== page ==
The Texas A&M Forest Service is the lead agency for wildfire response in Texas. On February 28, 2024, Governor Gregg Abbott authorized the Texas Division of Emergency Management (TDEM) to mobilize state firefighting resources to support local officials in their response to wildfires impacting the Panhandle, the South Plains, West, and Northwest Texas.

On February 28, 2004, the Oklahoma Department of Agriculture, Food and Forestry reported that the “Smokehouse Creek Fire burned more than 250,000 acres in Texas and Oklahoma [the total acreage burned had not been assessed]. Other fires in the area – including the Catesby Fire and the Slapout Fire, have combined to burn more than 100,000 acres.”

On March 7, 2024, Agriculture Secretary Tom Vilsack directed the U.S. Department of Agriculture (USDA) to aid recovery efforts for farmers, ranchers, and residents affected by recent wildfires in the Texas panhandle and western Oklahoma. At that date, around 1.3 million acres had burned across both states [estimated acreage burned].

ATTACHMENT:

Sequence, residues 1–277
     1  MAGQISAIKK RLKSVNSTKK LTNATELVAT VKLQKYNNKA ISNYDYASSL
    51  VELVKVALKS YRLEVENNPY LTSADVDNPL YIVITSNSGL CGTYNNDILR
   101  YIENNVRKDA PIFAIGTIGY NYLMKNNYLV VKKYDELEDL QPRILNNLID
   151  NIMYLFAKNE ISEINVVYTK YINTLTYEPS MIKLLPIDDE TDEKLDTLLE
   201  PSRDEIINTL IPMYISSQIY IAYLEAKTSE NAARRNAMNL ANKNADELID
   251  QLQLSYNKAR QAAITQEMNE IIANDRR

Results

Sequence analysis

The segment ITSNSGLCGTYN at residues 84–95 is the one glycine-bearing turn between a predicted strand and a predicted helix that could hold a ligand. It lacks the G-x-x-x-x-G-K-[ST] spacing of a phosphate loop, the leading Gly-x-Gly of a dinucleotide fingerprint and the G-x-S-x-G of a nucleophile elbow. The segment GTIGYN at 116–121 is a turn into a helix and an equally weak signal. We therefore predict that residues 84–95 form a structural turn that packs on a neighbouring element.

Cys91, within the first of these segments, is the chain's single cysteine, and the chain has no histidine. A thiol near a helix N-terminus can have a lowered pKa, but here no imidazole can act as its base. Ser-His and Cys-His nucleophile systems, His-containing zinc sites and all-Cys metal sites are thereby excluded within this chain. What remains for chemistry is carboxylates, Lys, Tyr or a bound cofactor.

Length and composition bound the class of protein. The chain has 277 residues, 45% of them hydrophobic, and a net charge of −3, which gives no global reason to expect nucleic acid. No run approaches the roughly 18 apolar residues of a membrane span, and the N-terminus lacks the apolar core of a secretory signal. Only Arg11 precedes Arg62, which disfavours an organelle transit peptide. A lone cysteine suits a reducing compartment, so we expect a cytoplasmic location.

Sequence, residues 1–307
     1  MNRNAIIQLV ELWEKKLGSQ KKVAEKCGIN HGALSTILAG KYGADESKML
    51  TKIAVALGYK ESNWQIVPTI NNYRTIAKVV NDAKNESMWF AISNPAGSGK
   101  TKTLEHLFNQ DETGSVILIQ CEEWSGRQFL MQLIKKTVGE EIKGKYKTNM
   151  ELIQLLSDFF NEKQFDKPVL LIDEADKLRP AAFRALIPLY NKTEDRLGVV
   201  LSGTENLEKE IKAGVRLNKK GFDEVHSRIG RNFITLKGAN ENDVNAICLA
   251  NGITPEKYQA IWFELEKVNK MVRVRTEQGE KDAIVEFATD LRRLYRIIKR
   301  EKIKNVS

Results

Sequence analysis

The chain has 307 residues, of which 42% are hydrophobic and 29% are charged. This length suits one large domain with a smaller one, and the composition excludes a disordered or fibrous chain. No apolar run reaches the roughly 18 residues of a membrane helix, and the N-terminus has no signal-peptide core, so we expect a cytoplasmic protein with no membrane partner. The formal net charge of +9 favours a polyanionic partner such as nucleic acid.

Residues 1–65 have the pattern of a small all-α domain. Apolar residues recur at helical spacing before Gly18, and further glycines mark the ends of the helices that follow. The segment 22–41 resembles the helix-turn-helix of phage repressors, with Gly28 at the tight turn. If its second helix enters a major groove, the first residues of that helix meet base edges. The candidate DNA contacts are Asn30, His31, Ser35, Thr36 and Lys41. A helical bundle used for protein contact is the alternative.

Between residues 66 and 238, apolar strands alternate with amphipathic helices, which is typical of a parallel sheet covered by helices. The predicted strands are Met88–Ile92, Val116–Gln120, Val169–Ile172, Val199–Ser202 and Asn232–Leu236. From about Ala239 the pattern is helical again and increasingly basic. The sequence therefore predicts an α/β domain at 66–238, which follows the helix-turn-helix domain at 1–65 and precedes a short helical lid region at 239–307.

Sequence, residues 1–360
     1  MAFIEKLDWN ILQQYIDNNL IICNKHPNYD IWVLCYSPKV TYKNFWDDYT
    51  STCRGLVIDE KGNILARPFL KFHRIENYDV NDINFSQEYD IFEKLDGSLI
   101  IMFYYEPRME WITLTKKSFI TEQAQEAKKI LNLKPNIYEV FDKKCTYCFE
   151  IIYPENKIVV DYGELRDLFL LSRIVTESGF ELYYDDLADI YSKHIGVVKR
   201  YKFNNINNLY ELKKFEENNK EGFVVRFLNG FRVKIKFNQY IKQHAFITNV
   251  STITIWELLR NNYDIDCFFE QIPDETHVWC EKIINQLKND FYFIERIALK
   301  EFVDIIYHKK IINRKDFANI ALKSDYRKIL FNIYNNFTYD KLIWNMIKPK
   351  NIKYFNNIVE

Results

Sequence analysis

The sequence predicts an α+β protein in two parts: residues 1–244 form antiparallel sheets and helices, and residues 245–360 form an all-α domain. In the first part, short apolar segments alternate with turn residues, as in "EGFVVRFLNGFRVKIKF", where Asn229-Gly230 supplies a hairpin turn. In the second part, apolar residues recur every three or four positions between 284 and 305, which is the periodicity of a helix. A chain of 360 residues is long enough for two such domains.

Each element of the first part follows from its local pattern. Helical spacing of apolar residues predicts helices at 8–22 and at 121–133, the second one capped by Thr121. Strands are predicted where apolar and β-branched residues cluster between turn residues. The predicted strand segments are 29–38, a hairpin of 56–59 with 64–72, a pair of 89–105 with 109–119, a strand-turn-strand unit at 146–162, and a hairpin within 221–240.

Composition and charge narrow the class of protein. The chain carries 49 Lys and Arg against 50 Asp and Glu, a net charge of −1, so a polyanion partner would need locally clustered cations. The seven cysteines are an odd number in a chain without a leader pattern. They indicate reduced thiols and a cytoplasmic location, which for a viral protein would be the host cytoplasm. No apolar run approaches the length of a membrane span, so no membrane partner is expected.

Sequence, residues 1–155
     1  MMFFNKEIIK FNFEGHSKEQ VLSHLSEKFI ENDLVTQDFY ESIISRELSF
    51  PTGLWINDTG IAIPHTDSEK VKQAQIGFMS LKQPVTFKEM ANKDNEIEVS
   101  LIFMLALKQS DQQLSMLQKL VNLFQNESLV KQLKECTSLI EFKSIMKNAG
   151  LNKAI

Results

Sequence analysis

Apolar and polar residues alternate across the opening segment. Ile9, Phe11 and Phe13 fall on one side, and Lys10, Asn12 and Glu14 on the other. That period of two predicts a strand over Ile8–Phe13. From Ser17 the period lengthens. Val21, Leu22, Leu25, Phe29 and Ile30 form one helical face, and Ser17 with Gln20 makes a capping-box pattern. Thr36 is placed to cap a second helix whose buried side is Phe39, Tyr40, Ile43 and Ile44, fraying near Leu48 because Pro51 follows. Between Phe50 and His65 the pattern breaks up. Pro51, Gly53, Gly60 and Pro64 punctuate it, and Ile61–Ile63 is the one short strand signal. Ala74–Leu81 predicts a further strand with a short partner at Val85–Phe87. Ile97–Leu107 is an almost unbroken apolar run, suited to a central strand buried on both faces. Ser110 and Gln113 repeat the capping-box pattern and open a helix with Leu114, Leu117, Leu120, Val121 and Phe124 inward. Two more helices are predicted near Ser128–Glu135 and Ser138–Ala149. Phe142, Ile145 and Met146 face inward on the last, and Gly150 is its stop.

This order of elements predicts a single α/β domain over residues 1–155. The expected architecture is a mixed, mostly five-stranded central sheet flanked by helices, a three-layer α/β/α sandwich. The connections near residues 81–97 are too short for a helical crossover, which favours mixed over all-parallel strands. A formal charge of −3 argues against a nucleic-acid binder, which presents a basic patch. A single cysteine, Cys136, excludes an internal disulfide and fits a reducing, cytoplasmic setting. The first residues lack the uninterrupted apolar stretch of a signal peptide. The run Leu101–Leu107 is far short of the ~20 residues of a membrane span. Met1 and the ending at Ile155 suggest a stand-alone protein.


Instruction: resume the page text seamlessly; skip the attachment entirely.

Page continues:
The fires began on February 26. As is typical for West Texas winter wildfire behavior, these devastating fires burned for 36 hours, or one-and-a-half days. The containment of the wildfires began. Containment is a confusing term and does not mean the fire is out. We explain below. The dollar amount of total destruction is not yet compiled, only estimated. 

How Will the 2024 Texas Panhandle Fires Affect Its Outdoor Recreation?

The recent wildfires affected Panhandle Wildlife Management Areas (WMAs), the Lake Meredith National Recreation Area (NRA), and the Alibates Flint Quarries National Monument. Alibates is closed from the devastation of the Windy Deuce Fire. A local cowboy in 1906, Allen “Allie” Bates is the park’s namesake.